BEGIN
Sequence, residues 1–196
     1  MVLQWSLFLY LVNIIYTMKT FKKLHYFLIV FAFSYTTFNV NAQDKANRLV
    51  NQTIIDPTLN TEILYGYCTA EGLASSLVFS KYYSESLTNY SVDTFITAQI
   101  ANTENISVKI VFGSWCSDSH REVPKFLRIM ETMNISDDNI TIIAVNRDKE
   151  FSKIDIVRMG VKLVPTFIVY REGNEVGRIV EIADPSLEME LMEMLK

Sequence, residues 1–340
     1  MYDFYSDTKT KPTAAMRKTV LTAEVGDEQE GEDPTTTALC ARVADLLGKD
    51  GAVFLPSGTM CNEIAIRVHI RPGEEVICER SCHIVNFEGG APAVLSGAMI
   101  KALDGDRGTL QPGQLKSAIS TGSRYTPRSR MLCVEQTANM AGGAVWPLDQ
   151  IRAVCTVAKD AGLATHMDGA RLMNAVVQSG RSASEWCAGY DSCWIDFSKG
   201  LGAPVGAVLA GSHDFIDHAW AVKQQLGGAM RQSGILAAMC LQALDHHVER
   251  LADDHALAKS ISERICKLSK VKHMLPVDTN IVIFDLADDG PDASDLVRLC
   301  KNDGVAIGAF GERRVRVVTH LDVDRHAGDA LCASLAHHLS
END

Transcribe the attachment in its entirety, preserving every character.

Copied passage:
Sequence, residues 1–196
     1  MVLQWSLFLY LVNIIYTMKT FKKLHYFLIV FAFSYTTFNV NAQDKANRLV
    51  NQTIIDPTLN TEILYGYCTA EGLASSLVFS KYYSESLTNY SVDTFITAQI
   101  ANTENISVKI VFGSWCSDSH REVPKFLRIM ETMNISDDNI TIIAVNRDKE
   151  FSKIDIVRMG VKLVPTFIVY REGNEVGRIV EIADPSLEME LMEMLK

Sequence, residues 1–340
     1  MYDFYSDTKT KPTAAMRKTV LTAEVGDEQE GEDPTTTALC ARVADLLGKD
    51  GAVFLPSGTM CNEIAIRVHI RPGEEVICER SCHIVNFEGG APAVLSGAMI
   101  KALDGDRGTL QPGQLKSAIS TGSRYTPRSR MLCVEQTANM AGGAVWPLDQ
   151  IRAVCTVAKD AGLATHMDGA RLMNAVVQSG RSASEWCAGY DSCWIDFSKG
   201  LGAPVGAVLA GSHDFIDHAW AVKQQLGGAM RQSGILAAMC LQALDHHVER
   251  LADDHALAKS ISERICKLSK VKHMLPVDTN IVIFDLADDG PDASDLVRLC
   301  KNDGVAIGAF GERRVRVVTH LDVDRHAGDA LCASLAHHLS